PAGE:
Curious Kids: what is cosmic microwave background radiation?

Curious Kids: what is cosmic microwave background radiation?

Yaroslav Vitkovskiy/Shutterstock

What is cosmic microwave background radiation? Did it happen after the Big Bang? – Sreehari, aged nine, Kerala State, India

The Cosmic Microwave Background (CMB for short), is light: the oldest and most distant light that we can see in the entire universe. It comes from soon after the Big Bang – which is considered to be the beginning of the universe.

However, it isn’t made up of light that you or I are able to see with the naked eye. The type of light we can see is called visible light, but other types of light exist. Microwaves are a type of light, and so are the X-rays that we use to check for broken bones, and the radio waves that let us listen to music in the car.

At first, the CMB was very energetic X-ray light. Over time, it has lost energy and become lower-energy microwaves.

Oval image of red, green and blue points of light
An image of the CMB from the Planck telescope. The colours show the temperature of different spots of the CMB.
ESA and the Planck Collaboration, CC BY-SA

The CMB is the light from the beginning of the universe. At this point in time, the universe was very hot and dense, and full of particles called electrons and protons. These particles have an electric charge, and when light reached one of the particles, the electric charge would send the light off in another direction. This stopped the light from travelling very far.

Cooling down

Over time though, the universe expanded and cooled down. Eventually, once the universe became cool enough, the electrons and protons began to bind together and form atoms of hydrogen. These atoms have no electric charge, so they don’t affect light in the same way that electrons and protons do on their own. Light could pass through them and on through the universe as if it were completely empty.

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The universe cooled at the same rate all over, so this process happened at the same time everywhere. Suddenly, light could travel very far and fast from all over the universe at the same time. This light is still travelling today, and it’s what reaches us on Earth as the CMB now.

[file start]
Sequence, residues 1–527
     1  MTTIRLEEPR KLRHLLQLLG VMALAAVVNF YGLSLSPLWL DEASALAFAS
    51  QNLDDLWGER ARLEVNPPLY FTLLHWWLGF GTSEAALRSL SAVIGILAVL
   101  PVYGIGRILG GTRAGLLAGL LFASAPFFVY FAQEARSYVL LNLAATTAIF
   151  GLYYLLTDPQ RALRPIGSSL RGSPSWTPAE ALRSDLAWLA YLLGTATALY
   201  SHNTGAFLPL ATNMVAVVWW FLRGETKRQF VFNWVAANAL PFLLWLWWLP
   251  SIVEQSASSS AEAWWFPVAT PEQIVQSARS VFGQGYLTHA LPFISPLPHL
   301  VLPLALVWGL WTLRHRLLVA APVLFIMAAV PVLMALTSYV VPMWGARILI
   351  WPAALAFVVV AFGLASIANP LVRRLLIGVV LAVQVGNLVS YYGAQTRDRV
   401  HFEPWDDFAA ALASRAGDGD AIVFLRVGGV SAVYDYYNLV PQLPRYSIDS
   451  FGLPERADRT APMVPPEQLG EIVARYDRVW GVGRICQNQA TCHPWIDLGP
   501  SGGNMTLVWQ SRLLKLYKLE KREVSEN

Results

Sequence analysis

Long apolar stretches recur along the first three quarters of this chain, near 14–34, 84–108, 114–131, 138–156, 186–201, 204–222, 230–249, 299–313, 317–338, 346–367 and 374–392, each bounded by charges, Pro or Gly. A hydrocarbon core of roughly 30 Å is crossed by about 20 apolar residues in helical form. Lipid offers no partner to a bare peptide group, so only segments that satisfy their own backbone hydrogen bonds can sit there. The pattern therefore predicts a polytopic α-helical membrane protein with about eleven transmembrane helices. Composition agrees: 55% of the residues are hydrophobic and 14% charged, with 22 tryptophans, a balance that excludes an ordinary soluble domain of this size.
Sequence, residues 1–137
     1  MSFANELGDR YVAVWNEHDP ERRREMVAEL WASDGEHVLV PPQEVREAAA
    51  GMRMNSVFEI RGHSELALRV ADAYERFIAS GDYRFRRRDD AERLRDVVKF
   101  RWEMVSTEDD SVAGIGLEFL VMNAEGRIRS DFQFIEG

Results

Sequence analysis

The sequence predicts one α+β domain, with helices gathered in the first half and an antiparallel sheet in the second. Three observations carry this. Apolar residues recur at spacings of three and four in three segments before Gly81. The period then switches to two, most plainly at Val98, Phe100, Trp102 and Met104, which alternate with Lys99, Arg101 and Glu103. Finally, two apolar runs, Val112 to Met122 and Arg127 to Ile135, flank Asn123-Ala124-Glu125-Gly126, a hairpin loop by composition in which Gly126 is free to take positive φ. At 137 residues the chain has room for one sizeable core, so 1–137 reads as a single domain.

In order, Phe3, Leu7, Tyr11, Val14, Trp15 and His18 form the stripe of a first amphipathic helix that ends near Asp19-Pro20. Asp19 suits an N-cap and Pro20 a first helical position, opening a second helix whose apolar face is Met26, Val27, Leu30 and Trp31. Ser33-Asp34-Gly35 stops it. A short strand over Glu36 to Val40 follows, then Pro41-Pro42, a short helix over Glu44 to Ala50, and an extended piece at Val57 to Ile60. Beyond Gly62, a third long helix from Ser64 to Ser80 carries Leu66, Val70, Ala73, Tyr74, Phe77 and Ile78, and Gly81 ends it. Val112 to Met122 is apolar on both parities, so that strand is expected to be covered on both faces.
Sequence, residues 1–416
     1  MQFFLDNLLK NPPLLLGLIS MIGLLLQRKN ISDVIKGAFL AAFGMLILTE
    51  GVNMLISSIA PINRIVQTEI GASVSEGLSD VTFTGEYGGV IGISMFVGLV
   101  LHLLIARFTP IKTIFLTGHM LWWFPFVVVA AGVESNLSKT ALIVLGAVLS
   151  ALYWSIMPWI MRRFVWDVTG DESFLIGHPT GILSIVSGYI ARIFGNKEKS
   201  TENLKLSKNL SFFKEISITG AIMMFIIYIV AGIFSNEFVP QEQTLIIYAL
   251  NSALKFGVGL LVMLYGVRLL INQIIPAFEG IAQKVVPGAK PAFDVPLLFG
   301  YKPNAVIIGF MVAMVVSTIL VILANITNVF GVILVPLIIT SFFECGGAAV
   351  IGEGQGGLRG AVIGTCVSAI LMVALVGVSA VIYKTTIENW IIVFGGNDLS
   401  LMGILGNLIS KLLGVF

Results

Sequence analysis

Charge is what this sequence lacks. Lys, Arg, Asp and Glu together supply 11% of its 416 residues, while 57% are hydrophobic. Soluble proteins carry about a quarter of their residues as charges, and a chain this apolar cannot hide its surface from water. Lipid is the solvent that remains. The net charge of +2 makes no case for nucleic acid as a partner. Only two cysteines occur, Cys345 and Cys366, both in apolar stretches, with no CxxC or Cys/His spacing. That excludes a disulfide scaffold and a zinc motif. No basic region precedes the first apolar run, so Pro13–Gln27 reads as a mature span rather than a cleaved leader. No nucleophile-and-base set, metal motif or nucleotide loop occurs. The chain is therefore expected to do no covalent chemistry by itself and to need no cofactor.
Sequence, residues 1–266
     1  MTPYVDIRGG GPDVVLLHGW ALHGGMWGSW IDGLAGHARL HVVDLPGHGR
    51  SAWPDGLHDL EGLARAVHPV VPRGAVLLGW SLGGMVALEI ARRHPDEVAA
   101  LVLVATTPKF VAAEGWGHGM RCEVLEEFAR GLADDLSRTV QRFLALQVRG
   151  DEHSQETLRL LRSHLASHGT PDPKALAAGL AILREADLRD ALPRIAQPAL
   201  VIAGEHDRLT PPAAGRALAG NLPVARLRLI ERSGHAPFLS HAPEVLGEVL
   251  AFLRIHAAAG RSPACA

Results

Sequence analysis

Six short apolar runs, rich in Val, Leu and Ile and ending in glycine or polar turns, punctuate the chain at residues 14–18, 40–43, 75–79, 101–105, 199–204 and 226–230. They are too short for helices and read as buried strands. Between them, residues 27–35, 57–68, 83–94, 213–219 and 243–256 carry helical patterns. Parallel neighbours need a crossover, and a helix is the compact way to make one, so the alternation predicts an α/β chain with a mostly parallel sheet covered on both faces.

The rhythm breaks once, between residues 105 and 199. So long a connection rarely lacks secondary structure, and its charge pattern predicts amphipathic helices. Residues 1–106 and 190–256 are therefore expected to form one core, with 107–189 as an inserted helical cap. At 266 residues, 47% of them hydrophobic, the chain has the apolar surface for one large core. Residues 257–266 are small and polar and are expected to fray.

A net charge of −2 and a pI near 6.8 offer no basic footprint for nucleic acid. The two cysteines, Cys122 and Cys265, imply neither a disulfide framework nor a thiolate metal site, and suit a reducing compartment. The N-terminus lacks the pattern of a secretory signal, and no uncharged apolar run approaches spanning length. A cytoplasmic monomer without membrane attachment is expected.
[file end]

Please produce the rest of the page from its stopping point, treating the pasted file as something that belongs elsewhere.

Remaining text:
The CMB light was always around in the universe but couldn’t travel far at all until the first atoms formed. In fact, we know that it was released 380,000 years after the Big Bang. This sounds like a long time between the Big Bang and CMB release, but since the universe is nearly 14 billion years old, this happened when the universe was very young.

The CMB tells us lots of important information about what the universe was like long ago. According to the Big Bang theory, the early universe was very hot and full of radiation. As the universe expanded and cooled down, this radiation would eventually be released. This is exactly what we see now as the CMB. It even has the temperature predicted by the Big Bang theory, and this is why we can say the CMB is evidence that the Big Bang theory is correct.

An accidental discovery

The CMB was discovered accidentally. Two scientists in the US, Robert Wilson and Arno Penzias, were using a microwave telescope and kept seeing the same extra signal wherever they pointed the antenna. They thought the extra signal might be caused by a fault in their telescope – or even by pigeon poo on their antenna.

Black and white image of antenna equipment with two men standing on it
The 15m Holmdel horn antenna at Bell Telephone Laboratories in Holmdel, New Jersey was used by radio astronomers Robert Wilson and Arno Penzias to discover the CMB.
NASA via Wikimedia Commons

Eventually they realised they were the first people to ever detect the CMB, which the Big Bang theory had predicted would exist. They won the Nobel prize for their discovery.

Since then, we have sent many telescopes into space to get better and better images of the CMB. Looking at the oldest light in the universe can helps us to understand how everything we see today came to be.

The Conversation

Christopher Pattison does not work for, consult, own shares in or receive funding from any company or organisation that would benefit from this article, and has disclosed no relevant affiliations beyond their academic appointment.

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